• Standard impact test: The helmet is hit by an object at 31.16 ft/s. The peak deceleration on the driver’s head must not exceed 275 G’s in total.
  • Low-velocity impact test: The helmet is hit by an object at 19.68 ft/s. The peak deceleration on the driver’s head must not exceed 200 G’s with a maximum average of 180 G’s.
  • Low lateral impact test: The helmet is hit by an object at 278.87 ft/s. The peak deceleration of the driver’s head must not exceed 275 G’s.
  • Advanced ballistic protection test: A metallic projectile weighing 0.4 lbs (0.18 kg) is fired at the helmet at 155.3 miles per hour. The peak deceleration must not exceed 275 G’s.
  • Crush test: A 22 lbs (9.97 kg) weight is dropped from 16.7 feet high onto the helmet. The transmitted force cannot exceed 10 kN.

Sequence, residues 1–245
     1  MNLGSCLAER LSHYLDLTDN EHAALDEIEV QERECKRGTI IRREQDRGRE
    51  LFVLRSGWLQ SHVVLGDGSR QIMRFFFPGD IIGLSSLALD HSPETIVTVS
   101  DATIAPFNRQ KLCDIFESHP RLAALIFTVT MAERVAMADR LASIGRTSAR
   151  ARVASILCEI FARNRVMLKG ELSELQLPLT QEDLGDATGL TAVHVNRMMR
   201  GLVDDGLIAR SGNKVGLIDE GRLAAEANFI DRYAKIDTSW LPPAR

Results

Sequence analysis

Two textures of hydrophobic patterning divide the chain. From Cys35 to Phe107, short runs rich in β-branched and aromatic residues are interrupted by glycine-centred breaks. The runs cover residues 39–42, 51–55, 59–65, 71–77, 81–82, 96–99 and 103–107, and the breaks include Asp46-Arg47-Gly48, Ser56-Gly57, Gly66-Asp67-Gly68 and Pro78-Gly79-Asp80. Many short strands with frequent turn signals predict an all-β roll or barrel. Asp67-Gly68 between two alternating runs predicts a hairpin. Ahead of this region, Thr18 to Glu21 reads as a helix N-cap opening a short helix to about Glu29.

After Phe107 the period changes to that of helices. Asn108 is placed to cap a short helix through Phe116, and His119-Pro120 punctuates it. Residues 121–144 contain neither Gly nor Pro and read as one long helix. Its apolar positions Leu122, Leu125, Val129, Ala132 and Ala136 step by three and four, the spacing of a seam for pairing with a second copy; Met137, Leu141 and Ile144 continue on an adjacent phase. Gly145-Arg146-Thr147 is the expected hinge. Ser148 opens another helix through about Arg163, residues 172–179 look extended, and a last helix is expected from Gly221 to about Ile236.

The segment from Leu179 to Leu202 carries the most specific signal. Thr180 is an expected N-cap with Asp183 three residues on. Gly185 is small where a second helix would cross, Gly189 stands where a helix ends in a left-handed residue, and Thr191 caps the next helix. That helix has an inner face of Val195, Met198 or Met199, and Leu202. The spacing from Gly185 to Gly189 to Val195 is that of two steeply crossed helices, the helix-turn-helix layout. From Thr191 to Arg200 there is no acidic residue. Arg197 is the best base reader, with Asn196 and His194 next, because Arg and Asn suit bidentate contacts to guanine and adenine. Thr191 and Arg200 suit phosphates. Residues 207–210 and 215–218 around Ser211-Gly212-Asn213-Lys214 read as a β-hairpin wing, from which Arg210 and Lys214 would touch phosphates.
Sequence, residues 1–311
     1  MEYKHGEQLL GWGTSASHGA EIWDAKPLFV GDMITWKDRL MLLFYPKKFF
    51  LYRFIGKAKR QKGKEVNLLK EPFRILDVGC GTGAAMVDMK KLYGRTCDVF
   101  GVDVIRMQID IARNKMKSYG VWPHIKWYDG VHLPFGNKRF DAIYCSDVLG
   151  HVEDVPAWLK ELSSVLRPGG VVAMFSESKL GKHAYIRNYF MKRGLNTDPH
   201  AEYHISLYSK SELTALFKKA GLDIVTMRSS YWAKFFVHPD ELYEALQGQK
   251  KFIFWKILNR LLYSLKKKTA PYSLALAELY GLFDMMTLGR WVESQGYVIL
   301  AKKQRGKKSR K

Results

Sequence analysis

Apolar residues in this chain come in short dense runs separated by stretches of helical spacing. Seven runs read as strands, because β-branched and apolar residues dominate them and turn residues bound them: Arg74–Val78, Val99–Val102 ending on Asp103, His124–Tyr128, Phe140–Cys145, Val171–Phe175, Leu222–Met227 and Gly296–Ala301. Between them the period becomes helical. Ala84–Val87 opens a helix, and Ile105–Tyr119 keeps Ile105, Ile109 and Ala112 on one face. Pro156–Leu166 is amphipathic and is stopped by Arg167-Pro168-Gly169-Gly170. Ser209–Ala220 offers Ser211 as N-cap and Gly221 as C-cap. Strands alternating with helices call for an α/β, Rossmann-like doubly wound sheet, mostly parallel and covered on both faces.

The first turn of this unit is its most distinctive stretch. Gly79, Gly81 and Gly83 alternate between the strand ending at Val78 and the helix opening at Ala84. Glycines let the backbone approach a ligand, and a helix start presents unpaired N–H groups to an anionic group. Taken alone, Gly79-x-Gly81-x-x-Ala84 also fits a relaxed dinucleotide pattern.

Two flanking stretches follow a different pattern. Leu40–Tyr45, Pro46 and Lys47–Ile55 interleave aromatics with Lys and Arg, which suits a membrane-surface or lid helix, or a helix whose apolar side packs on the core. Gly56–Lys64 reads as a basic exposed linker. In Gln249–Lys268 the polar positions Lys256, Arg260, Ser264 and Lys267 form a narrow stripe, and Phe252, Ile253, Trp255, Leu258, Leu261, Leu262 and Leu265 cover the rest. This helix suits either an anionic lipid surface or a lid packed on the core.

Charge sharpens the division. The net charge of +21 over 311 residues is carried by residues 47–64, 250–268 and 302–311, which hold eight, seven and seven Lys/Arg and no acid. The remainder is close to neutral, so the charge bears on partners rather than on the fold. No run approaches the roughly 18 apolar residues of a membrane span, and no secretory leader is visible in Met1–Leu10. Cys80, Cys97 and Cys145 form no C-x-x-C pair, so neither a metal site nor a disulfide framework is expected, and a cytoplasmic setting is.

• Shell penetration test: An 8 lbs (3.6 kg) weight is dropped onto the helmet at 25.2625 ft/s. The helmet must stay intact after impact.
  • Visor penetration test: An 8 lbs (3.6 kg) air rifle pellet is shot at the visor. The air rifle pellet must not penetrate the interior layer of the helmet, and the driver’s vision must not be impaired.
  • Visor coating test: The visor coating is transmitter tested to ensure coloration and vision are not significantly changed or distorted by external factors.
  • Retention system test: Roll-off tests and dynamic tests are conducted to ensure the strength of the chin strap and its attachments.
  • Chin guard linear impact test: Simulated impact test at 18.0446 ft/s. The peak deceleration cannot exceed 275 G’s.
  • Chin guard crush test: The chin guard is hit with a hammer, and it must remain intact.
  • FHR mechanical strength test: The helmet is tested to ensure the strength of attachment points for Frontal Head Restraints.